Adies syndrome

Friedman, E.D.

Arch Ophthalmol: 1042-1068


DOI: 10.1097/00005053-193610000-00036
Accession: 024195672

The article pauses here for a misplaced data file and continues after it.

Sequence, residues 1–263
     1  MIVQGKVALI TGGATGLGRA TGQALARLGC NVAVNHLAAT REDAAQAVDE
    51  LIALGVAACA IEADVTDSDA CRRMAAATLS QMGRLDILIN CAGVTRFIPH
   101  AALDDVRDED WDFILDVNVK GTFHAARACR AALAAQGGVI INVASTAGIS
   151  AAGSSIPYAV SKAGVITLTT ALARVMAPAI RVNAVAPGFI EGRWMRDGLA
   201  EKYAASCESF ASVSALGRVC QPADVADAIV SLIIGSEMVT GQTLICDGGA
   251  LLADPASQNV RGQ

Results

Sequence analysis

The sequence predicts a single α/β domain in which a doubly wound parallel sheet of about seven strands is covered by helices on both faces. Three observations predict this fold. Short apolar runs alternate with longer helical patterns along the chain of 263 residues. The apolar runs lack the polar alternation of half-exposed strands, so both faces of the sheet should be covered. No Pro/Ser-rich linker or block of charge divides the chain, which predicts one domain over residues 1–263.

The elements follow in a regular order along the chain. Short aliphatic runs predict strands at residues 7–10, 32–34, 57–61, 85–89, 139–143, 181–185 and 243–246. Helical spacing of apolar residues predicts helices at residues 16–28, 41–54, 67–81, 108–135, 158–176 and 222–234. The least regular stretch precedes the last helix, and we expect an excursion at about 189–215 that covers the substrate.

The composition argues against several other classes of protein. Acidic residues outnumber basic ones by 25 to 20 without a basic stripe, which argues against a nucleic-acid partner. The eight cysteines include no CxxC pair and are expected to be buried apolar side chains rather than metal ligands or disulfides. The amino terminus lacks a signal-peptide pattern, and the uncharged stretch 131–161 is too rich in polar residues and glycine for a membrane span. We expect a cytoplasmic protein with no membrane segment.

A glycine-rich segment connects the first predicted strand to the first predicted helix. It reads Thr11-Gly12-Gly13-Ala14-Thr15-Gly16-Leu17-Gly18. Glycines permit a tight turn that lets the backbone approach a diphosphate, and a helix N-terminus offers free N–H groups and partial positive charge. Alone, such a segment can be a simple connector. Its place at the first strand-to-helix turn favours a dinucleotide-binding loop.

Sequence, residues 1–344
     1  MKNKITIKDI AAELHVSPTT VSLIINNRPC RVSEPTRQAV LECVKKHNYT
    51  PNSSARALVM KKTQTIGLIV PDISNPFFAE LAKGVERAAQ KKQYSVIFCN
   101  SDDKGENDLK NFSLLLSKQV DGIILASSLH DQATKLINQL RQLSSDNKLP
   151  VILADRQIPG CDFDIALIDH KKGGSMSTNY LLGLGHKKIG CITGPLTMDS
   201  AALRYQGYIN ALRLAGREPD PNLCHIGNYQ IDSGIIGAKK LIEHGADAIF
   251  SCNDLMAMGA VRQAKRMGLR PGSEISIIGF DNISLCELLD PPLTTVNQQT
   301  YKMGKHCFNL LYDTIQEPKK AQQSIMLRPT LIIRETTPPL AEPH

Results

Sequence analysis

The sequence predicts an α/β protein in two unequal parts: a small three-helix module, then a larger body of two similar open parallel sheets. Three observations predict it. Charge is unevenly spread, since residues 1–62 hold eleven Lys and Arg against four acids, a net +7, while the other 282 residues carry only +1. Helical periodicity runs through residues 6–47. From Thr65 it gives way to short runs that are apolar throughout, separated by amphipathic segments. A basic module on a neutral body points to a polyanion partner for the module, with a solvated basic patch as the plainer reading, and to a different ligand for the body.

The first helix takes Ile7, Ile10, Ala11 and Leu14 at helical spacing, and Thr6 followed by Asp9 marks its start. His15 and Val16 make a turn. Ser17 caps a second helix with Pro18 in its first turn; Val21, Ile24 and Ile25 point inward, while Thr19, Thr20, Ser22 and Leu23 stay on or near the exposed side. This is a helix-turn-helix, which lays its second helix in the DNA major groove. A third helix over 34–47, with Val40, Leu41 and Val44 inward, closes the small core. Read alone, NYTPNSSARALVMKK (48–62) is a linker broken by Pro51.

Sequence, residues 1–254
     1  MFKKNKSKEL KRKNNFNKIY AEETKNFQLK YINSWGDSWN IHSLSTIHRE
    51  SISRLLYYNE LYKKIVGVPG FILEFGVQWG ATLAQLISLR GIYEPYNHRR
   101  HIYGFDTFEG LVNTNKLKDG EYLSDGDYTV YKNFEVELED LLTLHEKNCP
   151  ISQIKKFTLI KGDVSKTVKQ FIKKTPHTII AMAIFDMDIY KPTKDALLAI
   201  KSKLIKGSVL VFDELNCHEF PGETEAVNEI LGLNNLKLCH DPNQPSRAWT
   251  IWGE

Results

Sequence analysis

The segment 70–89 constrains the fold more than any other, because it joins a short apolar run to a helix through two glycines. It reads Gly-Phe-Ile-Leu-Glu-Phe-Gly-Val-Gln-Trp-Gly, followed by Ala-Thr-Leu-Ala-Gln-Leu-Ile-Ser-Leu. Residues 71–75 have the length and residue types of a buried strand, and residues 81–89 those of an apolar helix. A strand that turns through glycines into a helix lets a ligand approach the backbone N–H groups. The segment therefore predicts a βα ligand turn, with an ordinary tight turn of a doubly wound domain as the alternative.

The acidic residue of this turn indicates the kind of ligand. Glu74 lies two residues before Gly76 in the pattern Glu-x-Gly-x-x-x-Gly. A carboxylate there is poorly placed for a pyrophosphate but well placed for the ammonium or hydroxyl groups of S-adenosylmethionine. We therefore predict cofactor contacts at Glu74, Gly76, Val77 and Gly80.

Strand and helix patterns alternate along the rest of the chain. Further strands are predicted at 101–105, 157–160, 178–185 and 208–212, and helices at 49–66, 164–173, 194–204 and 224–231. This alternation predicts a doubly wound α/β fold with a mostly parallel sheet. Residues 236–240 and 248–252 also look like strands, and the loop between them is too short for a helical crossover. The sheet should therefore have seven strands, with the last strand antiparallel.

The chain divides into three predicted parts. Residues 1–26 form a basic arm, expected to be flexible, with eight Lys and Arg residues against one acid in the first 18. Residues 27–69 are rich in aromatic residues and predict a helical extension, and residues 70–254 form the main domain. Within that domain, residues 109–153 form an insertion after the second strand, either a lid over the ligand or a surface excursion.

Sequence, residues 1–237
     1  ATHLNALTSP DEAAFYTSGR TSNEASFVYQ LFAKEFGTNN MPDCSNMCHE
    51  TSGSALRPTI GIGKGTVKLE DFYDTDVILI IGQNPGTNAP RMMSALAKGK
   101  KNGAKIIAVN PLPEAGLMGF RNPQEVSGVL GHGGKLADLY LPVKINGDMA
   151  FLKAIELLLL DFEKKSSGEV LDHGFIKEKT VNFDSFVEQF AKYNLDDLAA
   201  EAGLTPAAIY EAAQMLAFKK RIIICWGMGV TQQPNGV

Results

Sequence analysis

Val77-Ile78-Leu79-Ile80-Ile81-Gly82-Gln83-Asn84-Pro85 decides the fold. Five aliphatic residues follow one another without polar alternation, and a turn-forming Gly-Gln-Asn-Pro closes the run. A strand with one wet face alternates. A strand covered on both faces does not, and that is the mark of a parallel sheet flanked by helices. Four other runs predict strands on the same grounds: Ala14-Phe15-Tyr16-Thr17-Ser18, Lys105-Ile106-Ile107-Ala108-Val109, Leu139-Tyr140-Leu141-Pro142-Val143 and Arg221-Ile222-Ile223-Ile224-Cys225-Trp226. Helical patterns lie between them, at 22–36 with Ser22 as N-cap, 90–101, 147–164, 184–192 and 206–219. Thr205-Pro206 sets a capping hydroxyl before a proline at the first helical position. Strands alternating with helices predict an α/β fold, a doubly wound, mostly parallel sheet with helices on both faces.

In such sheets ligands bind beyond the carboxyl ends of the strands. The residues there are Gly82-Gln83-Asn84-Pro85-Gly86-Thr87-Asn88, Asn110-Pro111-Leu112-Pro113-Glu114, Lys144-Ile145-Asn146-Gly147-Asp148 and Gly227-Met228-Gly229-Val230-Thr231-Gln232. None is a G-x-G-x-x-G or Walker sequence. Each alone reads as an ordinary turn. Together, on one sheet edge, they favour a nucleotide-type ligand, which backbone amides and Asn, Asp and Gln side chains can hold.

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Fourteen cases of Adie's syndrome were studied by pupillographic and phar-macodynamic methods. Two types of pupillotonic reactions are differentiated, one of which is caused by peripheral lesions within the 3d nerve, and the other by lesions within the great vegetative centers of the diencephalon and their connections with the mesencephalon. Only the latter type constitutes a true Adie's Syndrome. It is an heredo-degenerative condition. Physostigmine contracts the Adie pupil like the normal pupil; however, it restores the ability of the normal pupil to react to light and to dilate to distant vision (in 12-20 mins. after its local application). This physostigmine test enables one to differentiate between Adie's Syndrome and similar syndromes due to acquired syphilitic infections. Pupillotonic pseudo-tabes and neuro-tonia, characterized by a prompt contraction of the pupil to light but sluggish and retarded dilation, and by unilaterally or bilaterally diminished or absent convergence reaction, form a clinical entity and may be substituted for one another in the hereditary sequence.